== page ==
An Omaha mansion’s century-long run — dotted with prominent residents, high-society socials and tulip tours — apparently is winding to a halt.

New owners of 1018 S. 90th St. say the sprawling home built while still on the city’s western frontier has deteriorated and is not worth saving.

The Balla Machree, which means “Home of My Heart” in the Irish language, is to fall this fall, said Ben Katt, a member of the development team that purchased the property in recent weeks.

Plans are still in progress, but Katt said multiple for-sale detached residences, perhaps eight or nine, likely will replace the almost 3,500-square-foot home now stained yellow with stately white columns around the front door.

That is, unless neighbors get their wish.

Spencer Murphy, a lawyer who lives next door, admits that rehabilitation for use as a single-family residence is a “long shot” at this point. The house has no official historic status. But a few dozen area residents gathered last week and agreed generally that the best-case scenario would be if someone came along to buy out developers and preserve the home.


A development team bought the home and its 1.34 acres for $550,000. Ben Katt, one of the owners, said the that house has foundation problems and that animals have made it their home.

To that, Katt said, “One thing is clear: The house is past the point of saving. It’s cost-prohibitive to save.”

He said his team looked at the possibility of restoration and found foundation problems, animals inside and signs of vandalism.

Mark Jacobsen, another neighbor, said rotted wood is obvious, but the house hasn’t become an eyesore or menace. “It’s not like, ‘Let it go a few more years, and we’ll have a haunted house in the neighborhood.’ ”

A haunted house, to be sure, is a far cry from the heyday of the Balla Machree, built about 1920 for Eugene and Hilma Melady.

Consider a 1924 story in The World-Herald’s Social Affairs section. The article noted that at the time, picnicking was rapidly elbowing out baseball as America’s national sport. It identified the Melady grounds as an “ideal picnic spot.”

“Groups of friends of Mr. and Mrs. Melady have enjoyed many breakfasts and suppers in this grove,” the story said.

Eugene Melady’s roots were in Ireland, and he came via Minnesota to work in Omaha’s thriving livestock industry. A story about his death in 1957 called Melady one of the “grand old men of Nebraska sports,” who played left guard for the first Notre Dame football team and went on to manage and promote champion boxers.

Hilma helped manage the expansive estate, which in the 1920s reportedly boasted one of the city’s “finest tulip beds” — some 1,500 of them, not to mention roses, peonies, jonquils and more — which drew visitors and tours.


The grounds of the Balla Machree in its early days. The gardens featured about 1,500 tulips, plus roses, peonies and more.

Eventually, the “country place” of the Meladys was divided from its reported 40 acres. Some of the land was sold for other housing. Newspaper ads in the early 1940s told of lots for sale in the new Balla Machree subdivision. “Only 15 minutes drive to heart of Omaha ... no city taxes.”

Today, the house sits vacant on 1.34 acres, according to county records, and was sold to Katt and his partners for $550,000.

City Councilman Brinker Harding said he hadn’t heard much about the property or neighborhood concerns until recently. The saga, and Oct. 9 neighborhood meeting, gained more attention in part because the house was featured in the “My Omaha Obsession” blog.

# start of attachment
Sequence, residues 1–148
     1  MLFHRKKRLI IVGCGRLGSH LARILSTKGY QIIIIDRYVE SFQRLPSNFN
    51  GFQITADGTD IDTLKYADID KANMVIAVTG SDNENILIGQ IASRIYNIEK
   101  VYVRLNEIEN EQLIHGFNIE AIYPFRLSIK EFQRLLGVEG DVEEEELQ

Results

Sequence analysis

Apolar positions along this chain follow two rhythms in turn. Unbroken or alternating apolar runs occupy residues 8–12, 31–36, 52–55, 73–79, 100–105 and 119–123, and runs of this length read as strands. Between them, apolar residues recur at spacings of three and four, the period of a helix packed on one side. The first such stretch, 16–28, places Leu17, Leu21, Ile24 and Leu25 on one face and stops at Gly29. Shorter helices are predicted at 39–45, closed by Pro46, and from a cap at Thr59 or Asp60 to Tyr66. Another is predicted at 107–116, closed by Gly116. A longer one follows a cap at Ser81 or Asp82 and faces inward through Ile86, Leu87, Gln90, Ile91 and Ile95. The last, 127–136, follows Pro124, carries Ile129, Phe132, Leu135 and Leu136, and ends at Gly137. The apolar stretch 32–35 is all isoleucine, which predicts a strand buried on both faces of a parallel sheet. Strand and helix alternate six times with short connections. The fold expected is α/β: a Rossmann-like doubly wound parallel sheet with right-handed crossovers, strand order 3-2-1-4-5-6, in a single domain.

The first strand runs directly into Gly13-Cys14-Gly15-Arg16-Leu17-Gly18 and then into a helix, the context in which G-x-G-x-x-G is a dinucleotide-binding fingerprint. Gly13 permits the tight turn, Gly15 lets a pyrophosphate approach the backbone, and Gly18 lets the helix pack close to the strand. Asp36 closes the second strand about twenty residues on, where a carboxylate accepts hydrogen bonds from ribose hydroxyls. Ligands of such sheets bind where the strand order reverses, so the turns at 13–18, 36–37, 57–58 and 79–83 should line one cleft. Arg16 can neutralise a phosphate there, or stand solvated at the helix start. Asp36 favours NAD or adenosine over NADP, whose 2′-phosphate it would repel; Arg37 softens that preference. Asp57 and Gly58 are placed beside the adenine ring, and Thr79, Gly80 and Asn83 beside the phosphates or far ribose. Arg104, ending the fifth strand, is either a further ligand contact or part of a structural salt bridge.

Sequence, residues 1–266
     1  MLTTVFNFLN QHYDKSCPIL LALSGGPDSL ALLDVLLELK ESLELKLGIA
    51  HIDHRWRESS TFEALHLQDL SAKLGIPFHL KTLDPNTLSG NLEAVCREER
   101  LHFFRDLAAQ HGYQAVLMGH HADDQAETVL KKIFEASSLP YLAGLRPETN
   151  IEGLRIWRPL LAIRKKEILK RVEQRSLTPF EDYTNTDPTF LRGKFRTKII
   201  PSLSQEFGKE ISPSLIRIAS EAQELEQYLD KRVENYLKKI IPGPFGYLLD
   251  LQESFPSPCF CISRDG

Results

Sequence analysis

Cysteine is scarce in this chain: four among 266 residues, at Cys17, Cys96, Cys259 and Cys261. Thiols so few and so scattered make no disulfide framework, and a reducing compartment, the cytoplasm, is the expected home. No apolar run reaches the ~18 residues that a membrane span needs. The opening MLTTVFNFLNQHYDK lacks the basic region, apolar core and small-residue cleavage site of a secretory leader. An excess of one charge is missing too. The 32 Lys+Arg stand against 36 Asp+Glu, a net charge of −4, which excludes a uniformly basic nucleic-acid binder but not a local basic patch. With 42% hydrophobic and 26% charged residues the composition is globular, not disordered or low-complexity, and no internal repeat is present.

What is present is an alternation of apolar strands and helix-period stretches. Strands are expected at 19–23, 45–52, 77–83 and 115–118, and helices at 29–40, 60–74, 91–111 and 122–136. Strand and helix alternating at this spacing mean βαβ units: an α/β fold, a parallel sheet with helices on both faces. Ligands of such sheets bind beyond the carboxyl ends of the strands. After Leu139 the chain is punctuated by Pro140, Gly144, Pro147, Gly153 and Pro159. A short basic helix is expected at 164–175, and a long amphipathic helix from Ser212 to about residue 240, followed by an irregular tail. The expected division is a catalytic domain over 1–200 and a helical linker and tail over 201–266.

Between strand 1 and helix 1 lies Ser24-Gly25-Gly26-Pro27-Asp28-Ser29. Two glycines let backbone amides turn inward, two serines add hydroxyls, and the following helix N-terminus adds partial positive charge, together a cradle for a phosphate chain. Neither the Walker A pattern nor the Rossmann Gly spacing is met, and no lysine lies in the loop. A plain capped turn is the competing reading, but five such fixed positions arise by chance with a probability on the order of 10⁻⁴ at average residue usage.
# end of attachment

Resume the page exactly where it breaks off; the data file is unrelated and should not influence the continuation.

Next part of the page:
The local blogger, who goes by Miss Cassette, laid out the “Ballad of Balla Machree” and how neighbors Spencer and Elizabeth Murphy alerted her to its plight.

While the flyer suggested calls to Councilmen Harding and Chris Jerram, Harding noted that decisions on what to do with the property lie with the owner, as long as those comply with zoning rules and the city’s master plan.

With Omaha’s rich past, Harding said, many spots in town represent pieces of fascinating history. He said time changes neighborhoods and properties, and he recommends that residents also express concerns and desires to the owners/developers.

No formal redevelopment plan for the site has yet been submitted to the city.

Katt said his team is working on details and wants to eventually meet with more neighbors. He said market research shows a demand for newly constructed detached family houses in the District 66 area, and he envisions building a “pocket neighborhood” where homes would sell for about $400,000 to $600,000. He said they would be an affordable option for many young families, compared with some other ownership options in that area.

“We’re trying to bring new life into that neighborhood; it should be a cool, fun project,” said Katt, whose recent projects include the Dahlman Rows in Little Italy, a $12 million project calling for 36 for-sale dwellings to be built on about an acre at Seventh and Cedar Streets.

Mark Jacobsen grew up in the Balla Machree neighborhood and later bought his childhood home, which happens to be another house where the Meladys resided (Eugene died there). Murphy and his wife moved to the block about a year and a half ago and plan to raise their family there.

The neighbors said their hopes of seeing the Balla Machree preserved at an earlier time were dashed when the previous buyer ditched a renovation plan and sold to the Katt team. If the house were to be razed, the neighbors said, they would like to work toward ensuring that the replacement is compatible with the area. Other neighbors are worried, too, about water runoff and traffic congestion.

“We’re concerned about the integrity of this neighborhood,” Murphy said. “And in not cramming in cookie-cutter homes.”

Reporter - Money

Cindy covers housing and commercial real estate for The World-Herald. Follow her on Twitter @cgonzalez_owh. Phone: 402-444-1224.

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